Tuesday, September 1, 2009

Tournament Poker Quiz: Let's Try Something Different To Improve Your Game

And now for something completely different..

Let's see what you would do with this hand. There are going to be two different tracks on this hand to help you to learn more about your game.

It is the $25,000 buy-in event at the WPT Championship in Ls Vegas. Since it is only $25,000, you overslept and arrived late to the event.

It is still early on, and you have $49,100 in chips...lots of chips. You take a seat.

Hand #1. Now don't get yourself knocked out on your first hand!

The blinds are $100-$200.

You are in the hi-jack position--which is the position to the right of the cut-off. I also have seen it called the power position.

Hijack Flyer (back)Image by Soul Safari via Flickr

Since you are late, you don't know anything about your opponents.

A middle position player raises to $600. He has $50,000

You have J-8 suited with spades and call. It is heads-up, with $1,500 in the pot.

The flop is 10c-9c-3s.

Question 1: Your opponent bets out for $800. What should you do?

a) Fold
b) Call
c) Raise and to what amount?

If you selected a. Bad choice. You have an open ended draw and a chance to win a big pot.
If you selected b. Go to Question 2.
If you selected c. Go to Question 3.

Question 2: You called your opponent's bet. Why was this the right move? If you call the bet, I think that is because you have a draw and you believe you could win a big pot if you hit your hand. That is the typical play. It is not wrong, but it is not aggressive enough.

What if you raised here? What can happen?

1. Your opponent re-raises you and you would have to fold your hand.
2. Your opponent could fold and that would be a good thing.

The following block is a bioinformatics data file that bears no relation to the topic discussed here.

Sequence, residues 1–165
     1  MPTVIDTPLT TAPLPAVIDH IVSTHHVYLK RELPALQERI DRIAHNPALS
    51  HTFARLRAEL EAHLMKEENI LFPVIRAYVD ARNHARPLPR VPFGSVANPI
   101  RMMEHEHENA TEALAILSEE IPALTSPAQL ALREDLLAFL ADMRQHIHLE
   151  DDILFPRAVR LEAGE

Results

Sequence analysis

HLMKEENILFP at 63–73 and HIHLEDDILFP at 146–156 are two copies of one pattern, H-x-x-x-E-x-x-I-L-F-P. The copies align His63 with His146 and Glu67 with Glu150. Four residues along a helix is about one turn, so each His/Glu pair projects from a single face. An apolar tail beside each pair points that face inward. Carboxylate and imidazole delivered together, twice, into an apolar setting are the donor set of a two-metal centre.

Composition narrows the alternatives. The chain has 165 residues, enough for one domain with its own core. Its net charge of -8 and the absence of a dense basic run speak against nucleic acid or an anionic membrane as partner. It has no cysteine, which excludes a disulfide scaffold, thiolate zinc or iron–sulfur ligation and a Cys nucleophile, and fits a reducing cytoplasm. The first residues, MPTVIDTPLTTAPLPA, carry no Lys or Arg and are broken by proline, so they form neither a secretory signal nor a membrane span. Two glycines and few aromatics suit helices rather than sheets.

3. You take control of the hand. Are you a bold enough player to make this move?

While b is not an incorrect answer. The result of the call is that your opponent is still in control of the hand. And the pot is now $3,100.

The turn is the Kh. Your opponent bets $2,400. What should you do?
a) Fold
b) Call
c) Raise, and to what amount?

See what happened here. Now you missed your straight, and you can't control the pot size. That call may have been a typical play by most players, but it may have been the wrong play. That call resulted in putting yourself in a difficult or unpleasant situation.

Question 3: You raised your opponent. Why? Did you make that raise because you thought your opponent was weak? Did you make that raise for another reason?

Raising here to get a free card is the reason the Pro player gave when asked. Or, he said if a scare card hits on the turn, he could win with a bet on the turn.

He raised to $2,200. He was called. The pot is now $5,900.

This is a bold play, and one you should consider adding into your game.

Question 4:

The turn card is the Kh. Your opponent checks and you decide to check. It's a scare card, but the Pro said he didn't think his opponent would fold to a bet here.

The river card is the Ac. That completes a potential flush. Your opponent checks.
What should you do?

a) Check
b) Bet and how much?

Answer tomorrow.


Anonymous said...

I can't check since I don't think I have the best hand. Therefore I have to make a bet that I think will force my oponent to fold. I'll bet $3500.

GiJoeValdez said...

I selected the smooth call but will add the re-raise to my "arsenal". It makes perfect sense to get a free card, and might as well bet on the flop what I would have on the turn. Could win me the pot there and then.

Now with $5,900 in the pot and my opponent checking for the 2nd time tells me he doesn't have a flush, and A or K. He would have bet either one. Is he trying to trap me? sure. If I bet 3/4 or the full pot he's going to re-raise me and I would have to fold. It would be a waste of chips. A good value bet here is better. I would bet around $2200, and fold to any raise. This bet makes it look like a trap and would make it seem like I have the flush.

The Circle H said...

Analysis found here

What's Your Poker IQ?